The Sunday after Thanksgiving we’re having a small get-together for the employees of ModeKnit Yarn here at my house, which should be lovely!  I was telling Kathleen the other day that, outside of the kids and her, I rarely see other folks these days.  This will be a wonderful chance to catch up with the hardworking people who have kept ModeKnit Yarn going this past 18 months while I’ve been so sick and dealing with other painful life stuff.

Last Thanksgiving I was entirely out of commission; at the height of my chemo, and brewing the infection that would turn into severe sepsis a few weeks later.  This year I feel much more like myself, not least because I’ve had my hair cut and colored and I feel more like ME, so it will be a wonderful thing to share this holiday with friends.

I’m also thrilled to be able to do the work (pies, stuffing) a few days in advance and prep the Turkey before we drive to the cabin and put it in the oven there.  I can do a bit, rest a bit, then return a do a bit more.  That’s been my strategy that’s allowed me to hit several milestones so far, so I’m looking forward to implementing it for the holiday.

As seldom as I seem to be blogging these days, you may not hear from me again until after Thanksgiving, so I hope you all have an exceptional holiday with loving friends and/or family and snugly animals to pet and love!  And thank you all for sticking with me during this really rough year.  It’s been hard, and I’ve had a good amount of loss, but I have SO MUCH to be thankful for – and I am!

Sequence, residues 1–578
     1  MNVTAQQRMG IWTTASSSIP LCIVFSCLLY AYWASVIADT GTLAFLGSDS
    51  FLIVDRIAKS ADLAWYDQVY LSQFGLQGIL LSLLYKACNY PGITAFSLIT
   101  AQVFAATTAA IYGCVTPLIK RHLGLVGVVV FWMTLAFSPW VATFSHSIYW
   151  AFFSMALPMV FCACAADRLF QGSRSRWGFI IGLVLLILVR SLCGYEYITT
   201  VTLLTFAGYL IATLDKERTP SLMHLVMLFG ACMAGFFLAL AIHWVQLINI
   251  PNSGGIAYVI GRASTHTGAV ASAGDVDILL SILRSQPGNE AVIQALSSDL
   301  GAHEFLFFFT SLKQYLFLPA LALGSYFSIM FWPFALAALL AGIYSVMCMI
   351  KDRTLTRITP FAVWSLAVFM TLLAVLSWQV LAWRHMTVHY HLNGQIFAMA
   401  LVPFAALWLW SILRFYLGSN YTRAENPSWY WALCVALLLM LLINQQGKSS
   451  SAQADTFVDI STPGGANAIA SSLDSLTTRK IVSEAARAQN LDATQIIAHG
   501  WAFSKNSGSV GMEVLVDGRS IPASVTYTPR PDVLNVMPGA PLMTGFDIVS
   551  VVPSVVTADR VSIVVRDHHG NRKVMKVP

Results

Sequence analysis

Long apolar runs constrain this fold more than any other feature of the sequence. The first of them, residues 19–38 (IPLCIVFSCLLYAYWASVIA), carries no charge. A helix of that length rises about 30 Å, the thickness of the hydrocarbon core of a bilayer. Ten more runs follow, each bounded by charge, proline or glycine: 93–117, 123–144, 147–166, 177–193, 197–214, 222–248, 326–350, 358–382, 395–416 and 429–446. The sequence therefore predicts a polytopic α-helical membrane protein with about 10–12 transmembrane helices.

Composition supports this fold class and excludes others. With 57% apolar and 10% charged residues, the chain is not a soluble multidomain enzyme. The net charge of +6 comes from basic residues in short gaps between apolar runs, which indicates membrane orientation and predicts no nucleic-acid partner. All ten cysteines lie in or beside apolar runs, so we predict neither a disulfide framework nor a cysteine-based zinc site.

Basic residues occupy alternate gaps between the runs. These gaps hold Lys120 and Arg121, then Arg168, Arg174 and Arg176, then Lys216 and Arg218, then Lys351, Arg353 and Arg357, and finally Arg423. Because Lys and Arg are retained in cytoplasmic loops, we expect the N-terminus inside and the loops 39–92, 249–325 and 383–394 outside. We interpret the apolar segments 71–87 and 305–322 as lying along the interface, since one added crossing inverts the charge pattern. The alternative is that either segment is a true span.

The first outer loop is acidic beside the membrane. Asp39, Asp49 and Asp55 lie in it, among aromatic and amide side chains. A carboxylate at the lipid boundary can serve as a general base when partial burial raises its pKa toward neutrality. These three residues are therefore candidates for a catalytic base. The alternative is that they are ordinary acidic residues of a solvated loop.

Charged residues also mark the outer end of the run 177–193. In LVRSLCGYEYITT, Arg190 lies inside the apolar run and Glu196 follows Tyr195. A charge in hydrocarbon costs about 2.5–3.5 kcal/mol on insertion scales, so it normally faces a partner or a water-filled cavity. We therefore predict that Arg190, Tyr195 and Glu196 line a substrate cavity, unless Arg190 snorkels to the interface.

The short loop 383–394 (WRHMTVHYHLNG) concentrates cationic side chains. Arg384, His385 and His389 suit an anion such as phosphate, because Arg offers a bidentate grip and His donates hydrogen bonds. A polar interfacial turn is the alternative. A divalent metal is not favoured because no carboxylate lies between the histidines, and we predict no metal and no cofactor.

Waiting & Patience

I feel as though so much of my life these days is spent waiting!

  • I’m waiting for Spring.
  • I’m waiting for Max & Sophie to get back from Europe.
  • I’m waiting for my body to heal so that I can walk.
  • I’m waiting for my balance to return so I can ride my bike!

Waiting isn’t so bad, and while I’m waiting I’m also doing exercises, getting my body stronger, trying to make use of the ‘time in between.’  Waiting patiently is an excellent exercise for the soul.

Spring comes late to Minnesota, March is generally such a difficult month because there is the tease and the promise of warmer days, followed by unexpected snowfalls.